A Day in the Life

How exactly do I spend my days in one of the busiest and strangest countries in the world? Well, dear reader, grab a seat and let me tell you! 

First, a fair warning: I lead a pretty boring existence. Most days are spent lesson planning, reading, petting random cats, blogging or working remotely for a company back in the States. About two weekends a month are for traveling; one within Indonesia and the other to a country elsewhere in Southeast Asia. But like I said, this is a weird country so even mundane days are filled with quirky encounters and amusing situations that add to Indonesia’s already very high entertainment value.

Teacher or Indonesian cat whisperer?


Wake up. Put on uber conservative work outfit. Slather Nutella on bread. Grab banana. Go! Now begins the arduous journey to school, which is only 8.7 miles from my apartment but takes an hour to get to. In this country, this time to mile ratio is not the exception, it’s the rule. The very frustrating and annoying rule..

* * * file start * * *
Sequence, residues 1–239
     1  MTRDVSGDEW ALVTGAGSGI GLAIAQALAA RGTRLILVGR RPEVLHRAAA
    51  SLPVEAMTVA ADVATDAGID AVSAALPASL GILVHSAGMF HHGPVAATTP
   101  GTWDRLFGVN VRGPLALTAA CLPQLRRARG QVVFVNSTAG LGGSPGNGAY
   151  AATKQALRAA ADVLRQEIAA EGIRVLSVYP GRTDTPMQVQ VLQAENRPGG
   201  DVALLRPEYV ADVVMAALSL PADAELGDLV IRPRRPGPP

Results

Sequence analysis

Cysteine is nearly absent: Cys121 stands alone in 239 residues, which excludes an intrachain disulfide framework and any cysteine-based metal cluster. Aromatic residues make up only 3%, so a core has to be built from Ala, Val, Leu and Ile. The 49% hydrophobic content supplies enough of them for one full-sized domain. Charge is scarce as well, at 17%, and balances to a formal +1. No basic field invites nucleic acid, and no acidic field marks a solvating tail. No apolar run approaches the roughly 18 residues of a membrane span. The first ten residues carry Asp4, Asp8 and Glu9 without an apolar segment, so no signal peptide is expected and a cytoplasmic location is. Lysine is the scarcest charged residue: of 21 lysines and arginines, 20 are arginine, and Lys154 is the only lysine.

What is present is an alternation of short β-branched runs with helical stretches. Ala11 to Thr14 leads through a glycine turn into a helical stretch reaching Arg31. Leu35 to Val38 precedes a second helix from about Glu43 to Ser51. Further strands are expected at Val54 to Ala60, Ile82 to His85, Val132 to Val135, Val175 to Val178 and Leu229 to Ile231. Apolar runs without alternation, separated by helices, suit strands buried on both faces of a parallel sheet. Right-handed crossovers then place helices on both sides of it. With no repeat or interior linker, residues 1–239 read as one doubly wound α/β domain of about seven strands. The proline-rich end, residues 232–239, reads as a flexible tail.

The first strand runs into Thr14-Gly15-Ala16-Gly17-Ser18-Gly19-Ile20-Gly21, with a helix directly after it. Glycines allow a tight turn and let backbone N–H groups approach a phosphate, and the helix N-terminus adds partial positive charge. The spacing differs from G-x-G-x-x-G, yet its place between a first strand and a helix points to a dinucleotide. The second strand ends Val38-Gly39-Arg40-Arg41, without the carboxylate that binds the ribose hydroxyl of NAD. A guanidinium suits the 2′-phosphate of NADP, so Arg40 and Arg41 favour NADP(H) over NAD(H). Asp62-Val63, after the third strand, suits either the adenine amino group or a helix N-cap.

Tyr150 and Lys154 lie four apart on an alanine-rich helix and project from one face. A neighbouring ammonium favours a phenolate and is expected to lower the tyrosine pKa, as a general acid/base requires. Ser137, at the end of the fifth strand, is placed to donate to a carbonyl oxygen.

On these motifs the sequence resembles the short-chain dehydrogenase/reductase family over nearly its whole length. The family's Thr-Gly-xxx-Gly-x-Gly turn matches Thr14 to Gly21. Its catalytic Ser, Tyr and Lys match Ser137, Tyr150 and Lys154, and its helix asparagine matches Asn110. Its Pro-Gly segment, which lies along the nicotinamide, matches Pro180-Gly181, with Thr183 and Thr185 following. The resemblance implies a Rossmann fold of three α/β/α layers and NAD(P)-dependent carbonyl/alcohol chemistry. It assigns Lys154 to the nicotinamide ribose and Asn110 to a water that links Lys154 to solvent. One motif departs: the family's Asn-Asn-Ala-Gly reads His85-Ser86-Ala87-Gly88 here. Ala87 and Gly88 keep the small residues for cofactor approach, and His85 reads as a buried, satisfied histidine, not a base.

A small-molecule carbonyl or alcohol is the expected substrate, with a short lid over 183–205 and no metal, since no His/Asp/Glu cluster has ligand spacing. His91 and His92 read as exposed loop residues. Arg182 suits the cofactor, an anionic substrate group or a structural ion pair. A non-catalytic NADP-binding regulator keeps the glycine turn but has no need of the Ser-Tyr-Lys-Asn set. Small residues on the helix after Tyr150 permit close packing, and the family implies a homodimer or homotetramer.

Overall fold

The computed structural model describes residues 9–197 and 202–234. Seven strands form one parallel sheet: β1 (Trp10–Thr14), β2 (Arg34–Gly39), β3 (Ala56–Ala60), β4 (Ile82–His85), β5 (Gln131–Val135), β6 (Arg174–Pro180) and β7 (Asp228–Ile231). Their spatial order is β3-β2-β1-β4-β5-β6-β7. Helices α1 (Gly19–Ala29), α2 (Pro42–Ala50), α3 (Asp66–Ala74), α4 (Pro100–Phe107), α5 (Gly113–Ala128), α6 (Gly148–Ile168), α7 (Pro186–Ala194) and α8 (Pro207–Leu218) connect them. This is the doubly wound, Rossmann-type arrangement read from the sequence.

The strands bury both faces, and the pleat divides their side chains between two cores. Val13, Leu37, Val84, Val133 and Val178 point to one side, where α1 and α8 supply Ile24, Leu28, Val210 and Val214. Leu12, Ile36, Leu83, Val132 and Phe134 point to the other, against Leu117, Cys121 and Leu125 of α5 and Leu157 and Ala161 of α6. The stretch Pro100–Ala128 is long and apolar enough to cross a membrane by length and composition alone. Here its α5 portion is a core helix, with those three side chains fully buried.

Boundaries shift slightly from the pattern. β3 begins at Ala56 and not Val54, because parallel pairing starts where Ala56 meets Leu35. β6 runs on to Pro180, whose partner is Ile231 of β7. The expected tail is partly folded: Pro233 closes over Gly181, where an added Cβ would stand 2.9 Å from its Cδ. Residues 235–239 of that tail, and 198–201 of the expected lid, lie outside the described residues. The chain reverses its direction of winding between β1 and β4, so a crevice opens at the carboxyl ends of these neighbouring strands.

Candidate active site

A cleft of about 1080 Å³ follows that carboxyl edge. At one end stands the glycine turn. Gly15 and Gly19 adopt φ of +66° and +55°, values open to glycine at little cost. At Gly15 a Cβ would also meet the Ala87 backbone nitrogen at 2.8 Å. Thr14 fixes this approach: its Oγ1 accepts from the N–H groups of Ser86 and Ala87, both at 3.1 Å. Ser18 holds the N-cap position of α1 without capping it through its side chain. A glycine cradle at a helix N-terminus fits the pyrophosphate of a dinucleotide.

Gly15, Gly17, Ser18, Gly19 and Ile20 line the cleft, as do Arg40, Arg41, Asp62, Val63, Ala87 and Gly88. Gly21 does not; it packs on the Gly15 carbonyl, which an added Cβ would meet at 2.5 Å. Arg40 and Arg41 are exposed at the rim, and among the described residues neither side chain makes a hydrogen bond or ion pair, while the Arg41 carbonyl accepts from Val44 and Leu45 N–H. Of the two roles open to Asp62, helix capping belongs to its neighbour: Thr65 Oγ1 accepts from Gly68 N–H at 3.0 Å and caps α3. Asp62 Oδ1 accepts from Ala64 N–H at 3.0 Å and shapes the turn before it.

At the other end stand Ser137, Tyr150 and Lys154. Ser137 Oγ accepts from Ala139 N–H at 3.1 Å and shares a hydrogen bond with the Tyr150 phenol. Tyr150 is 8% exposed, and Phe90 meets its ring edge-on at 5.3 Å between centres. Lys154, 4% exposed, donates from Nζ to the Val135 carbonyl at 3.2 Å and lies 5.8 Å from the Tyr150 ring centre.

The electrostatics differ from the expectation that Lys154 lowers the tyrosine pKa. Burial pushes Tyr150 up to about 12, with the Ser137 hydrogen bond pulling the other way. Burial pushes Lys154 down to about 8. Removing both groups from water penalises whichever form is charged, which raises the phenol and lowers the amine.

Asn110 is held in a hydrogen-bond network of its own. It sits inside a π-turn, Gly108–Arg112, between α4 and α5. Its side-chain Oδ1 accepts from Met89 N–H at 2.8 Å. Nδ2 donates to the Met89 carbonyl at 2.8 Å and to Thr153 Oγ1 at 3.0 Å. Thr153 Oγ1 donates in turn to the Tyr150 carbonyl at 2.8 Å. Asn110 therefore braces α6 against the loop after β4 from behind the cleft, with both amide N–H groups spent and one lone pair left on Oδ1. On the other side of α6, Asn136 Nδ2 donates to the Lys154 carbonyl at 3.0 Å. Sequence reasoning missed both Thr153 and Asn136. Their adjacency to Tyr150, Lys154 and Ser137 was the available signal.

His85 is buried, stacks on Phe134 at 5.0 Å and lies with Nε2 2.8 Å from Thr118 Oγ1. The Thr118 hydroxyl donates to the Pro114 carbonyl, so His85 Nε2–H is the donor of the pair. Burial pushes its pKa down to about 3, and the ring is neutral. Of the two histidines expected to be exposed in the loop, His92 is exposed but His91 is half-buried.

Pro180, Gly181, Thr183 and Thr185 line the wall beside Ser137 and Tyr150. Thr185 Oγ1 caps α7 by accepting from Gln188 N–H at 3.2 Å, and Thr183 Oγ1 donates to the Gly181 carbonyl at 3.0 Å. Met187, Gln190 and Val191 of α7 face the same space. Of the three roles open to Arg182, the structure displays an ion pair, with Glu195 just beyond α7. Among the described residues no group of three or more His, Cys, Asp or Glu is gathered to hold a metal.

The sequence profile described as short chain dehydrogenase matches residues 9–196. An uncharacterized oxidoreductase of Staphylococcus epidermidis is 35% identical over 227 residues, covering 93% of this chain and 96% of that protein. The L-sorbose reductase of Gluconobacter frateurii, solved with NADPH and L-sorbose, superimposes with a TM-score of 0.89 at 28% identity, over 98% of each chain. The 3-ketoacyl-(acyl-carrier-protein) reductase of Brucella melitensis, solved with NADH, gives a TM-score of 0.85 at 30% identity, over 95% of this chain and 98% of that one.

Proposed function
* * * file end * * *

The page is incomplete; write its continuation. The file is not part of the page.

My itty-bitty Indo studio


Depending on the day and week, I teach 1-5 classes a day. Overall, I have 25 classes spread across six different grades bringing the total number of students I teach to a solid 800. I wish I were exaggerating. Because my school believes that I am the Superman of English (and boy do they overestimate my abilities) they have me teach 4th, 5th, 7th, 8th, 10th and 11th grades.

I’ve surprisingly come to enjoy teaching the little kiddos most because not only are 8 year olds tiny balls of massive energy who are incapable of lacking any form of enthusiasm, but they aren’t too cool for my antics yet. The latter is a real bonus since I’m usually animated and weird- a dangerous combination in even the best of circumstances. Plus, their brains are still young and mushy so they absorb language like sponges. Research supports this and I wish schools in the U.S. also started language classes in elementary rather than high school, but like the metric system, the use of fahrenheit and telling time, the good ol’ U.S. of A insists on being different from the rest of the world. Laaaaame.


Time for lesson planning, napping and general re-charging of mental batteries. Also prime time to mingle with coworkers and, of course, take pictures together, lest we forget we are in Indonesia, a land where the millennial phrase “pics or it didn’t happen” is taken very, very seriously. I mean, if you didn’t take a picture at school, where you ever really there? The Indonesian answer is: No, you absolutely were not.